Viewing War’s Horror Through Young Eyes


They cut me with a machete and killed me.

--An orphaned Rwandan girl, 5, describing an attack by Hutu militiamen, which she miraculously survived.


Alan Raymond recalls standing in line at Rwanda’s Kigali airport in 1995, nervously waiting to explain to an army officer why he was visiting Rwanda a little over a year after that nation’s bloody civil war.

“All the windows were shot out in the terminal, and there was debris everywhere,” Raymond says. “I started wondering what I had gotten myself into. Later in a cab on my way to my hotel, I saw what was going on in the city of Kigali, and I remember thinking this location might be too challenging for what we wanted to do.”


The trip was to plan logistics for Raymond’s return to Rwanda with his wife, Susan Raymond, to film portions of their latest documentary, “Children in War,” which HBO will show Monday night at 10. They wanted to document the price paid by children worldwide for the various ethnic conflicts that have plagued the latter part of the 20th century. To that end, they interviewed children in remote areas of Rwanda, Bosnia, Israel and its occupied territories, and Northern Ireland during 1995-99.

The Raymonds took nine trips abroad during their four years making the film, experiencing numerous unsettling moments in each country, including terrorist bombings in Jerusalem and Northern Ireland, and confrontations with armed men at unauthorized checkpoints in Rwanda and Bosnia. But, they say, nothing compared to the suffering of the children they interviewed.

During filming, they documented dozens of heart-rending stories, meeting children such as Sanel, 12, a Bosnian youngster who matter-of-factly explains how a mortar shell severed his arm. A Palestinian boy, Moaz, 12, recalls holding his dying father in his arms. In Northern Ireland, Patricia, 15, a Catholic, ponders what it would be like to actually speak to a Protestant. And in Rwanda, several “lost children” reunite with family members after having been separated for a year or more.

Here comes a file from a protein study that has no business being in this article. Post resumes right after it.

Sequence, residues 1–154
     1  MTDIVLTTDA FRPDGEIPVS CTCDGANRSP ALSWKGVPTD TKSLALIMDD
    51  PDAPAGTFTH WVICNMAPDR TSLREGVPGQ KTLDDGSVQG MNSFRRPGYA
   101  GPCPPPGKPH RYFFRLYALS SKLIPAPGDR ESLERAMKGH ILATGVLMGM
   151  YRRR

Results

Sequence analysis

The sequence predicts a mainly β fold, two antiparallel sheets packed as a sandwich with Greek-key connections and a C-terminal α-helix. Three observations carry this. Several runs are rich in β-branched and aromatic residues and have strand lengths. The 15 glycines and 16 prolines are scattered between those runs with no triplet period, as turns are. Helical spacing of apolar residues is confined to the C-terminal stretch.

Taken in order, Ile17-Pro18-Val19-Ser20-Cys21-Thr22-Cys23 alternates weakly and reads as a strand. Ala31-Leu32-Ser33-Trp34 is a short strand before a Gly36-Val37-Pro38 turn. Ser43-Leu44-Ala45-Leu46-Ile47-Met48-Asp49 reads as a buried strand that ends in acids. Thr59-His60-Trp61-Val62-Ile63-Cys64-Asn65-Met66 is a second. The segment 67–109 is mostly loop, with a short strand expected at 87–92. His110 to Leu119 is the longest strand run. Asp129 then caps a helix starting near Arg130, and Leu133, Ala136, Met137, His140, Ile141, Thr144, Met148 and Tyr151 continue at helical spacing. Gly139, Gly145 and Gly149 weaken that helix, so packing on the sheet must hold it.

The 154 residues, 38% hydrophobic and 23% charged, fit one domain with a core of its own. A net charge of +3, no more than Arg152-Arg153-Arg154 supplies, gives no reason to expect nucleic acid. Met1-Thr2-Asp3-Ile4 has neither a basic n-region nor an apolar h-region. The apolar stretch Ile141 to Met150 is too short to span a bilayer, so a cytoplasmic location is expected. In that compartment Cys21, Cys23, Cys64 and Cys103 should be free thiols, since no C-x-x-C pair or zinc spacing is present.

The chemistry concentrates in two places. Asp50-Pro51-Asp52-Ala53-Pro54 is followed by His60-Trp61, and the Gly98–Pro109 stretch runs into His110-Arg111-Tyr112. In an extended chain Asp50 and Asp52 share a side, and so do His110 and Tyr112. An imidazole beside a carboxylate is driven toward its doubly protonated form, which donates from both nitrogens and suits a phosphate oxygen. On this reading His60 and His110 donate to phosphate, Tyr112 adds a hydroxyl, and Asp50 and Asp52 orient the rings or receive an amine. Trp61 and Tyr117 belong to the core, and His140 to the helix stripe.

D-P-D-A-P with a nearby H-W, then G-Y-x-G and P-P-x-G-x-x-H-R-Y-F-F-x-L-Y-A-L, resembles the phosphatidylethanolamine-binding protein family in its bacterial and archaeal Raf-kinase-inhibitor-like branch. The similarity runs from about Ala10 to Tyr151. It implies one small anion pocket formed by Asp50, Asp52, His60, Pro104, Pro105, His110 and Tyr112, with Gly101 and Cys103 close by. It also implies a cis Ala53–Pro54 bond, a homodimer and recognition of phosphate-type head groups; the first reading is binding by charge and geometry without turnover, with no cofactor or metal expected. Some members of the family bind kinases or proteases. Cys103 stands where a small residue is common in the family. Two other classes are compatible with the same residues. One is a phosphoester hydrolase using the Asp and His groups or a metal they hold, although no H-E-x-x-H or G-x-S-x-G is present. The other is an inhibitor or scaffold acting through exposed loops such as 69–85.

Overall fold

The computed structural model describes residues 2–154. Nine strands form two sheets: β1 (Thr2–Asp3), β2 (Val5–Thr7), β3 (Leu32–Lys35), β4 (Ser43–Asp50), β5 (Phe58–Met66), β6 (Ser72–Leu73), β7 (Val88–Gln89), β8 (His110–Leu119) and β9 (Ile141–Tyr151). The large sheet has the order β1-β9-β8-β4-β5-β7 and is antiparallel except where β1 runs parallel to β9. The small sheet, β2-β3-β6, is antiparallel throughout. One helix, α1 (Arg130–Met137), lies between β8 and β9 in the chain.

The Raymonds, who have been filmmaking partners for more than three decades, have looked at both children and at war in their earlier work. “I Am a Promise: The Children of Stanton Elementary School,” their documentary on an inner-city elementary school, won an Oscar in 1993. Their look at the conflict in Northern Ireland, “To Die for Ireland,” won an Emmy in 1980, but they are perhaps best known for filming the seminal 12-hour 1973 PBS miniseries “An American Family.”

With such credentials, there was no need for the Raymonds to risk their lives and spend portions of four years far away from their home and their son, James (now 11). They were drawn, however, to examine what Susan Raymond calls the tragic reality that the targeting of civilians generally, and children specifically, rose dramatically during world conflicts over the course of the 20th century. In the Rwandan genocide alone, 300,000 of the 800,000 victims were under the age of 20, she says.

“We did some research, found the statistics, and realized that children are often the primary victims in modern wars,” she says. “That’s why we decided to do this film, even though it was a heart-wrenching experience.”


The filming itself often required the Raymonds to work under grueling conditions.

“There was no point in bringing a crew,” Alan Raymond says. “First, we didn’t have that kind of budget, and second, you need to depend on locals to survive anyway. So I shot all the film, and Susan recorded the sound and asked the questions. She is also the narrator of the film.”

The nature of the work filming the children’s stories resulted in the Raymonds giving up on journalistic detachment, and instead, they made what Alan Raymond calls “a heavy emotional investment” in the piece.

“I thought about [our son] a lot during the making of this film, wondering how would our child survive such experiences,” Susan Raymond says. “That’s what makes the stories of these children all the more remarkable--their survival skills.

“The Rwandan children, in particular, are amazing,” she continues. “To sit across from a 5-year-old child and hear him explain how he survived a militia attack, watched his parents die, and ended up hiding under dead bodies for days, that’s horribly sad. But it’s also wonderful to see his instinctive ability to survive despite huge obstacles.”

* “Children in War” can be seen Monday at 10 p.m. on HBO. The network has rated in TV-14 (may be unsuitable for children younger than 14).